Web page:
Tonight, the Heat host the San Antonio Spurs in what is sure to be an exciting matchup between two NBA powerhouses. I had a chance to get together with JR Wilco at Pounding the Rock.
1) Tim Duncan seems to have solved Father Time. His nightly contribution is roughly matching that of Tim Duncan ~ 2008. What has to happen for him to continue to play at this pace?
No one is more surprised than I am at the way that Duncan is playing this year, so I don't know what kind of wisdom I can give you in response to your question. But I guess I can offer up a guess. Somewhere in the spring of 2010 separated by no more than 6 to 8 weeks were two games against the Golden State Warriors one home and one away. In both of those games Duncan went down clutching his left knee. He seemed to bounce back quickly and well from both of those events, but that year in the playoffs against the Grizzlies the Spurs were eliminated in six games and he was a shadow of himself. Time and again he would take up post position against Pau Gasol only to be pushed off of his favorite spot on the block by five, seven, even ten feet. It was something that I had never seen happen to him in his career, and I thought it signaled the end of his effectiveness in the NBA.
I can't tell you how glad I am to have been so wrong, but the main thing at this point that will keep him potentially able to continue to play the way he has been is simply avoiding injury. Over the last two years he's been playing at a very high rate of efficiency. All of his per 36 minute numbers are at or just below his career averages. And it seems likely to me that he's been doing all of that as his knee was slowly recovering. It kind of looks as though it's better now, doesn't it?
2) The Spurs can be counted on for at least 50 wins per season. They have at least that many the last 14 years in a row, and 15 of the last 16 (they went 37-13 in 1998-99). As maybe the quietest dynasty in NBA history, does it behoove the team to "sneak up" on people? Or do you think the team would crave some national attention?
One of my favorite stories about Tim Duncan was told to me by one of my writers who was in the locker room after one the games of last season's series against the Utah Jazz. All of the reporters were gathered around different players, busy lobbing and retrieving questions, as Tim Duncan emerged, fully dressed, from the shower area. Tim took a look around the locker room, realized that no one was waiting for him to offer a quote, silently pumped his fist to himself, turned on his heel and exited the way he had entered: entirely without being noticed.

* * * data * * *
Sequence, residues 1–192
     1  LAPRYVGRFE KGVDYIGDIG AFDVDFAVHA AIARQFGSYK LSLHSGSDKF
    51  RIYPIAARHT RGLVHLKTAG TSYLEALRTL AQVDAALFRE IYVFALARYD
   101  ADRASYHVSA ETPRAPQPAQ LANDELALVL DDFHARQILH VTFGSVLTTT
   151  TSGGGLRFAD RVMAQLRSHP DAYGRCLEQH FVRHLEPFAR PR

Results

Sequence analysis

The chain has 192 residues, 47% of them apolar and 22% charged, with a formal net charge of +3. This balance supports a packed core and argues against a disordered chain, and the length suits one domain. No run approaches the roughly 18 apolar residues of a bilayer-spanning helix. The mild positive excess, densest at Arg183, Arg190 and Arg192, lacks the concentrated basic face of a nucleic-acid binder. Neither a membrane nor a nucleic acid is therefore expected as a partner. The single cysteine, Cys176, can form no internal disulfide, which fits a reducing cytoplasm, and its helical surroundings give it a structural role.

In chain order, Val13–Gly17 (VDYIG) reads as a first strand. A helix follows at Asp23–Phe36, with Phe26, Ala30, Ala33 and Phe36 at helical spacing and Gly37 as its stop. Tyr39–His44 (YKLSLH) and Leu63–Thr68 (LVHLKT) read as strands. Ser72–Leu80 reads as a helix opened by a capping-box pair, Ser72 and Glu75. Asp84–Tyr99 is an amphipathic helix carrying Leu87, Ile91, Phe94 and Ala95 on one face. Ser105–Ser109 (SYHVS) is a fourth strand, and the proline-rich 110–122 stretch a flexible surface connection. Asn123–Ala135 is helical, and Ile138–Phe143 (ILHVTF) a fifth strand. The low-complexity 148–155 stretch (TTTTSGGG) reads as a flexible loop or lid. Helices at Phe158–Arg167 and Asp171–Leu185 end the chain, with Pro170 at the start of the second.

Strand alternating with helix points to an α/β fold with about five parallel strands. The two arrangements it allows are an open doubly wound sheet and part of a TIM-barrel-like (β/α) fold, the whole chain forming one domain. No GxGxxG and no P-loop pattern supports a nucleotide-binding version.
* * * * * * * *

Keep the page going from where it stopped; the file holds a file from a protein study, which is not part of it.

No, I feel pretty certain that the team as a whole does not crave any additional national attention. It's one of the things that sets them apart and makes them the mystery that they are.
3) After struggling with a back injury to start the season, Manu Ginobili seems to have turned it on as of late. If he suffers a recurrence, who can Spurs nation count on to fill his shoes?
It would fall to the same crew of guys who stepped up last year when Manu was out for so many games (he missed more than half of the truncated season with a variety of issues among which was a broken hand), namely Danny Green, Gary Neal and Kawhi Leonard. The beauty of this team is the way that they operate within Pop's system, and how that puts everyone in their favorite positions with their favorite shots ready for them to take as often as it does.
If the average Spurs fan is anything like me, they don't fear the regular season without Manu Ginobili in uniform, because it's the postseason when he's needed the most.
4) As of this writing, the Spurs rank 10th in points scored and have allowed the 10th fewest points. Parking Duncan under the net will help push the high powered Heat offense outside, but Miami has been unconscious from beyond the arc, leading the NBA by hitting 43.2 percent of their three point shots. What do you think the Spurs have planned to slow the damage from deep?
Historically, when the Spurs defense is playing at its best, it limits shots at the rim and three-pointers, allows as many midrange jumpers as the other team would care to take, all while hoovering up nearly every single defensive rebound available. This year, the rebounding numbers have taken a hit, because the bigs have been tasked with challenging those midrange shots more often than ever before. With this new wrinkle on their time-tested formula still being experimented with, I hate to say it but your guess is as good as mine.
5) No place to hide – predict the winner and margin of victory. I’ll go first: Heat by three.
For the Spurs, Thursday night's game is a SEGABABA (as well as a FOGAFINI in the midst of the FIGASENI) and the last of 6 straight road games, the first five of which they've won, the last two by more than 20 points each. I wouldn't be surprised if Popovich benched the big three and just let you guys romp. But if he actually gives his guys their normal minutes, then I think it will probably be a contest decided in the last three minutes of the game. Which is the same as saying it's a horse race. But it's an early-season game in late November, so I'll go with your prediction and say Heat by three as well.
JR, in turn, had a few questions for me. I answered to the best of my ability: